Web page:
Prion disease can be transmitted through eye surgery
Researchers in the United States have found evidence of the infectious agent that causes sporadic Creutzfeldt-Jakob disease (sCJD) in the eyes of deceased patients. The discovery could lead to the development of tests for the early diagnosis of the disease, which is caused by abnormal forms of normally harmless prion proteins, but also suggests that the disease could be transmitted through procedures such as corneal transplants.
“Almost half of patients with CJD develop visual disturbances, and we know the disease can be transmitted unknowingly through corneal transplants,” explained Christina J. Sigurdson, DVM, Ph.D., professor of pathology at the University of California (UC) San Diego and UC Davis. “But the distribution and levels of prions in the eye were unknown. We have answered some of these questions. Our results have implications both for estimating the risk of CJD transmission and for the development of diagnostic tests for prion disease before symptoms become apparent.
The studies, conducted by scientists at UC San Diego and UC San Francisco in collaboration with a team from the National Institutes of Health (NIH), are reported in mBio, in an article entitled “Prion seeds spread in the eyes of sporadic patients with Creutzfeldt-Jakob disease. “
Prion diseases occur when misshapen prion proteins build up in the brain and cause damage that can lead to progressive neurodegeneration. CJD is the most common prion disease in humans and is classified as sporadic, familial, or iatrogenic (caused by treatment or medical procedure). While many people are aware of the very rare cases caused by eating beef infected with a similar disease, bovine spongiform encephalopathy or ‘mad cow disease’, around 85% of CJD cases are sporadic. having no known risk. The factors. About 10-15% of CJD cases in the United States are hereditary and linked to genetic mutations. In acquired CJD, prions are transmitted through medical procedures such as corneal transplants.
SCJD is often difficult to diagnose, the authors write, but visual disturbances are a common early symptom in about 10-20% of cases, and as the disease progresses, more than 40% of cases develop eye problems. Blindness will eventually develop in up to 42% of patients with CJD.
Previous studies have shown that the eyes of patients with CJD may contain infectious prions, but what is not yet understood is the distribution of prions to the different tissues of the eye. The risk of iatrogenic transmission of prions through ophthalmic procedures is not known, but there have likely been cases, the authors pointed out. “Corneal transplants from patients infected with prions have led to two probable and three possible cases of iatrogenic transmission of the prion. The risk of transmission from ophthalmic procedures is particularly significant given the increase in corneal transplant surgery worldwide. In the United States, for example, approximately 64,000 corneal transplants are performed each year.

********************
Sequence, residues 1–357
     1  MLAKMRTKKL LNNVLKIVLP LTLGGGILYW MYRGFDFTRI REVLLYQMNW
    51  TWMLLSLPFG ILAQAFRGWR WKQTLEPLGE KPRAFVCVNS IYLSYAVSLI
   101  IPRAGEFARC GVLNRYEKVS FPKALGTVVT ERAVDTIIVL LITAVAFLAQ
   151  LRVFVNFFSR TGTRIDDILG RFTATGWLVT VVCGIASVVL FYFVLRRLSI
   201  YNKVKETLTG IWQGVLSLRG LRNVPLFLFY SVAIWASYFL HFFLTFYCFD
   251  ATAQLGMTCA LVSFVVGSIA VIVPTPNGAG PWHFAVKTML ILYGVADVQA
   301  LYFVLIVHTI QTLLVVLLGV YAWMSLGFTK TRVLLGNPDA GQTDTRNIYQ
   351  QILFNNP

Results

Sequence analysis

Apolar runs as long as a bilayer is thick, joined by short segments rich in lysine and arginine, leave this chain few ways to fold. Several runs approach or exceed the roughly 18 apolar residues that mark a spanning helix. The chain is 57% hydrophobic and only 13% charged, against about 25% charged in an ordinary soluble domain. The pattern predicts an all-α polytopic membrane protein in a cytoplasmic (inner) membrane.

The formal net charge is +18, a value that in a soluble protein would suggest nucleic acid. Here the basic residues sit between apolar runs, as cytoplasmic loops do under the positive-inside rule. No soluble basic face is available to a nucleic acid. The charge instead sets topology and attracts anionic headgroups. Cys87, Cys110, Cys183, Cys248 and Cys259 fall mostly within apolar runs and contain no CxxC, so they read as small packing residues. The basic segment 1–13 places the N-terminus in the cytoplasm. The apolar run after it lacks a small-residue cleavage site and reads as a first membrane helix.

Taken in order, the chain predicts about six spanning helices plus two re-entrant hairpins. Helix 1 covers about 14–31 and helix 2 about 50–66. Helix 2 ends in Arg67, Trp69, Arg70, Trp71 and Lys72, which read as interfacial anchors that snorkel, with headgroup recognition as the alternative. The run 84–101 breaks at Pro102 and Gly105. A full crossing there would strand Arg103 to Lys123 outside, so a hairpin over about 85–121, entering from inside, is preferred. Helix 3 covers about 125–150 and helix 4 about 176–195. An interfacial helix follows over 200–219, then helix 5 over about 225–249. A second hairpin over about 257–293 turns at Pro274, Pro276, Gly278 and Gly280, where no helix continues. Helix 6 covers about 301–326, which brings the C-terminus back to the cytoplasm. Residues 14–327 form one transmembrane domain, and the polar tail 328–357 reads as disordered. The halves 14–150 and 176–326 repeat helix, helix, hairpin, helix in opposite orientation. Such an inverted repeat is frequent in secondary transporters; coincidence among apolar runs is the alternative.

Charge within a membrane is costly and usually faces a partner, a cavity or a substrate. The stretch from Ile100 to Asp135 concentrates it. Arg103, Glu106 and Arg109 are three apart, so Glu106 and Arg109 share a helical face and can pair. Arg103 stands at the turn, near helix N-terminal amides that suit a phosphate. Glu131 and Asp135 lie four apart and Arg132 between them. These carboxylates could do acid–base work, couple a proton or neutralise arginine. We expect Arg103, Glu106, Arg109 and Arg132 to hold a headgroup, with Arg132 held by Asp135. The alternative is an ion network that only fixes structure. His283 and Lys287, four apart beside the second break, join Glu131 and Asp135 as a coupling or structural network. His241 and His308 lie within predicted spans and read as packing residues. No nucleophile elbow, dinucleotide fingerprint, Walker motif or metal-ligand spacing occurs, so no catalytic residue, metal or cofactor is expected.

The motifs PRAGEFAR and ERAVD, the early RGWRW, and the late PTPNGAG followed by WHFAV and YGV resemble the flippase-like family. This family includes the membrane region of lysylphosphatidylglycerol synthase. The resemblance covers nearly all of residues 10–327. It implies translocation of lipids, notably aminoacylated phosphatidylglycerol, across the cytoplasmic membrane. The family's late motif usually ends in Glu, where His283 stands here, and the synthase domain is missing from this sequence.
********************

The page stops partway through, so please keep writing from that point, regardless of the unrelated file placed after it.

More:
The researchers used the highly sensitive and quantitative real-time tremor-induced conversion test (RT-QuIC) to look for prion seeding in eight different eye tissues, including the cornea, lens, eye fluid, retina and the optic nerve, in the post-eye mortem of 11 patients who died of sCJD. The RT-QuIC technique was developed by co-investigator Byron Caughey, Ph.D., at NIH Rocky Mountain Laboratories in Montana, and is used by clinicians to diagnose cCJD in people, typically via fluid. cerebrospinal and nasal brushing.
Used to analyze the eyes of patients with CJD, the test detected abnormal prions in several eye tissues, with the highest seed levels – which in some cases weren’t much lower than those in the brain – found in the retina. “We found that all 11 eyes of patients with cCJD were positive for prion seeding activity and had the highest seeding activity in the retina,” they wrote. “The levels of prion seeds in the retina were significantly higher than in extraocular muscles, optic nerve, cornea, lens, vitreous fluid, and sclera.”
The team claims that in addition to suggesting potential diagnostic utility, their findings also highlight ophthalmic surgery as a possible biohazard, and support recommendations for the use of disposable instruments or decontamination procedures to prevent transmission. iatrogenic prions. “Our results support the World Health Organization’s classification of ocular components as having high infectivity for prions and have implications for patient safety,” they noted. “Because the early phase of cCJD disease often includes visual symptoms, patients with cCJD will often have diagnostic evaluations performed by an ophthalmologist, which could contaminate the instruments. “
The researchers aim to continue their work by evaluating whether examining eye tissue and fluids using RT-QuIC could represent a diagnostic route for other neurodegenerative diseases characterized by abnormal protein accumulation. “Because other protein aggregates such as amyloid-β, -synuclein and tau protein can also spread from the brain to the retina, it would also be important to continue to assess the eyes of patients with neurodegenerative diseases. more common ones, such as Alzheimer’s disease, synucleinopathies, and tauopathies, especially in light of recent findings showing the prion-like spread of protein aggregates through the CNS.